The new band caught the zeitgeist in a way Midtown never did. “Snakes On a Plane (Bring it),” their debut single, soundtracked the patently absurd 2006 Samuel Jackson flick and introduced Cobra Starship as glammed-up party rockers rumored to have formed out of a peyote trip in the Arizona desert, or at least be good friends with Fall Out Boy. The latter was defiitely true; a partnership with Wentz’s thriving Atlantic imprint Decaydance (which Saporta calls his first artist-friendly deal) and the oversight of Crush Management (which facilitated the Snakes synch) made Cobra a Warped scene sensation, and later propelled those two Hot 100 top 10s.
But Saporta admits that when he was most successful, he was also at his least happy. “Writing music and dealing with your demons, going on tour and sharing with fans -- that takes an emotional toll on you,” he says. “You can be on top of the world, on top of the charts, and just be fucking miserable.” Saporta permanently damaged his voice by delaying surgery on a cyst on his vocal cords for a 2010 co-headline tour he couldn’t cancel. Rigors of the road led to the departures of two original Cobra Starship members. On that 2011 Justin Bieber tour, in between Brazil and Argentina, Saporta turned 32. Bieber was 17.
“What else am I going to do?” he remembers wondering. “I took a swing at pop. I experienced it to its fullest.”
Don’t you miss the adrenaline rush of performing?
“People ask me all the time, and I can honestly say, not at all.”
In 2015, Saporta launched TAG alongside Mike Carden, a longtime friend who’d spent eight years with Cobra Starship labelmates The Academy Is… When Cobra split, Saporta had several industry job offers on the table immediately, but remained focused on building something of his own. With exactly zero artists on TAG’s roster, they set up a spacious office-studio headquarters in Hollywood and laid out the company’s guiding principles.
“People were like, ‘Are you still going to the studio and playing shows?’” Saporta says. “I drew a hard line in the sand: ‘I’m not doing anything on the artist side. I want to be taken seriously as a manager.’” He insists Cobra Starship won’t reform anytime soon, and while he’s open to lending his artists songwriting and production insight, he generally avoids formal co-writes. He’s not “the manager out pounding drinks down at the bar,” he says, but he’s already had “a good cry” with most of his artists.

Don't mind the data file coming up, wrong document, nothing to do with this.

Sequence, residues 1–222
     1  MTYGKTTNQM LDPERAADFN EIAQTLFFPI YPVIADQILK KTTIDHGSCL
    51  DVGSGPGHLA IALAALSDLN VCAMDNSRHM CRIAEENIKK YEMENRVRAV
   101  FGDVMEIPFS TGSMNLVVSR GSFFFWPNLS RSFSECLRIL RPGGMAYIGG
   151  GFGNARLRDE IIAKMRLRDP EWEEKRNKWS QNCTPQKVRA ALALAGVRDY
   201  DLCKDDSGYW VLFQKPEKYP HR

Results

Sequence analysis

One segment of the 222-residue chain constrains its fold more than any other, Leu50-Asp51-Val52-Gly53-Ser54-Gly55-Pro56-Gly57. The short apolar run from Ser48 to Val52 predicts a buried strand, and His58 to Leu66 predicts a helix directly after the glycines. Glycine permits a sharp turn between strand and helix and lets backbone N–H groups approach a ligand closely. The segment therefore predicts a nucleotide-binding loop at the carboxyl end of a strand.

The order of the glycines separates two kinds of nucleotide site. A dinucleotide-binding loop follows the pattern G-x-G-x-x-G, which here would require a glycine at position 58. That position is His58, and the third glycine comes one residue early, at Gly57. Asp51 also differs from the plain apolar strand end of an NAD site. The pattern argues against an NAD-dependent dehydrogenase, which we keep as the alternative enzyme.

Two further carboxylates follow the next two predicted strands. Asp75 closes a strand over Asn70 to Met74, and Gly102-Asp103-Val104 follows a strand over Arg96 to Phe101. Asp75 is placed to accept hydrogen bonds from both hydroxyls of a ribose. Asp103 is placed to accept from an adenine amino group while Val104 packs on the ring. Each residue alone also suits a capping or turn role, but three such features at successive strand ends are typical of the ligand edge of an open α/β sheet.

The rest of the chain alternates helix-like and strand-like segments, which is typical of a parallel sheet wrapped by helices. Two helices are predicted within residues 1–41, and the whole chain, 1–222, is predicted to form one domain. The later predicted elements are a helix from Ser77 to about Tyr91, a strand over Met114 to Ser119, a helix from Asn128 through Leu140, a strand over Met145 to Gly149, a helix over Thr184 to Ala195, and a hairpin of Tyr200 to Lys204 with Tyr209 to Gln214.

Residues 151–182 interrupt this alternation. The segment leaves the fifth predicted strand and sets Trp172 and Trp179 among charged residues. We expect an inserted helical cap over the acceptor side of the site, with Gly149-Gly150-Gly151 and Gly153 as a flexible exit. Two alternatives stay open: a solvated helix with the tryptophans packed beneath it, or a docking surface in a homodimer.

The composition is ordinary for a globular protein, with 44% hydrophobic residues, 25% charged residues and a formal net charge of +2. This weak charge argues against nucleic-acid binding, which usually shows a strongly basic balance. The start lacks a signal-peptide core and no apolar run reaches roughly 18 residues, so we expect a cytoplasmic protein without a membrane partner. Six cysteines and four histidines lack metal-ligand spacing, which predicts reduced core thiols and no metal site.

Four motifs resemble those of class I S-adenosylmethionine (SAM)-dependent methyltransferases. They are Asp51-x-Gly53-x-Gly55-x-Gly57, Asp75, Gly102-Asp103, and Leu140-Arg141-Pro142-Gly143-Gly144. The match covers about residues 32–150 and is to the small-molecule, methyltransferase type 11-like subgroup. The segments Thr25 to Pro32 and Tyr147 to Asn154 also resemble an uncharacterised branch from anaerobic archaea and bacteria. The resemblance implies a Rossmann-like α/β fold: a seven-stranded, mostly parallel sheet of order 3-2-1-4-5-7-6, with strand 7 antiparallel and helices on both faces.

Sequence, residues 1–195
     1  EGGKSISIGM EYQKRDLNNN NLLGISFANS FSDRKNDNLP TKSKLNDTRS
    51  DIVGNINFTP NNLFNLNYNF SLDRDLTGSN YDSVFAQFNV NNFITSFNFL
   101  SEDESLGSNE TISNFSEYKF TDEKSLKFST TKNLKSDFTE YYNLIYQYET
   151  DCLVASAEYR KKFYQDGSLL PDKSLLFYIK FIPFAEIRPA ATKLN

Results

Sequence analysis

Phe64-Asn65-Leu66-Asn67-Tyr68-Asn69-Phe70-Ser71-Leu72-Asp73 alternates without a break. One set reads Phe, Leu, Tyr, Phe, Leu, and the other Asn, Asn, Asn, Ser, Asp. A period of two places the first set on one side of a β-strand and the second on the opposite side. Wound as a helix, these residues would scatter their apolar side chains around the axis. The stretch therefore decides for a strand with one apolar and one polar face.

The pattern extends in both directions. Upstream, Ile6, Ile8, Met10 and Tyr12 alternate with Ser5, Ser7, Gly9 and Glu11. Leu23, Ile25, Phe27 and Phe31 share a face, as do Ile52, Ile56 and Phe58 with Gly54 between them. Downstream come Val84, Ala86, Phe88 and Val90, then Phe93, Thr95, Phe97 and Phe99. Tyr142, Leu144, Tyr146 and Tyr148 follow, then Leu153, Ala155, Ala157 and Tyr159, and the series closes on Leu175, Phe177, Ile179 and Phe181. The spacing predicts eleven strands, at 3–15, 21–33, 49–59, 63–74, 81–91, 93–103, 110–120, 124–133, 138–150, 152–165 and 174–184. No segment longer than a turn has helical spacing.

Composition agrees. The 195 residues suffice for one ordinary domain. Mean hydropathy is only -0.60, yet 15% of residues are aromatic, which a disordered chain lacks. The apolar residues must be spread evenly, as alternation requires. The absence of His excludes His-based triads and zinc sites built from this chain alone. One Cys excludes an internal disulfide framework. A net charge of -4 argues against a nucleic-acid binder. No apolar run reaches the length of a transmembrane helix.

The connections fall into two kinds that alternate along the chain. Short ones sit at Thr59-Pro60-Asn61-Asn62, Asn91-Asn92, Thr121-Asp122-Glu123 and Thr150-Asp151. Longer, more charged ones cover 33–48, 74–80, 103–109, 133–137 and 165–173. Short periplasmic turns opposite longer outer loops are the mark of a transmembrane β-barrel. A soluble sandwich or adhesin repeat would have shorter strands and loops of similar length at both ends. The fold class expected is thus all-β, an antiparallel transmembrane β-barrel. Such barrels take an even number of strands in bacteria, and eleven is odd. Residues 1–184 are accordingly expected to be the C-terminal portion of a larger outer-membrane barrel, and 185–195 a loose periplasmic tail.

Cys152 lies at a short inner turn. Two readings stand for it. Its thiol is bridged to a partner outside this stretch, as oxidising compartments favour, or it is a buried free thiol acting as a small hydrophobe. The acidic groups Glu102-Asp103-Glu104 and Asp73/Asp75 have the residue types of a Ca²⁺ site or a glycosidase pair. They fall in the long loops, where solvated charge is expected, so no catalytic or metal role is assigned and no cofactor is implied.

TAG’s roster hovers around 10 artists and covers a diversity of sounds and styles: dance-pop newcomer Naomi Wild, garage-rock party starters Palm Springsteen, former Skrillex protegé Mark Johns. The most promising of the bunch is Tessa Violet. The witty, yellow-haired indie-pop artist first gained a substantial fanbase as a teenaged vlogger in the late ‘00s before shifting focus to music about three years ago. “It was just me writing songs; I had no contacts in the industry,” she remembers. A fellow YouTuber put her in touch with former Atlantic A&R exec Mary Gormley, who tipped her off to Saporta. Violet had no idea who Midtown were and was only vaguely aware of Cobra Starship. “Gabe wasn’t this manager with a huge, proven track record,” she says. “I felt like he’d work harder.”
Violet’s first release alongside the Artist Group was “Crush,” a bubbly pop gem that arrived last summer with a delightfully goofy music video. Shot in an ordinary supermarket and filled with DIY visual gags, Violet’s vlogger charm shines through. “I take people who want to be stars and say, ‘Okay, this is how we can do it without selling your soul,’” Saporta says. The “Crush” video has been viewed over 30 million times on YouTube, but no one’s rushing anything. Violet’s debut album is already done (and quite good), but like many artists rethinking the traditional album rollout in the streaming age, she and TAG plan to release it in bite-size bits instead of immediately dropping a full-length.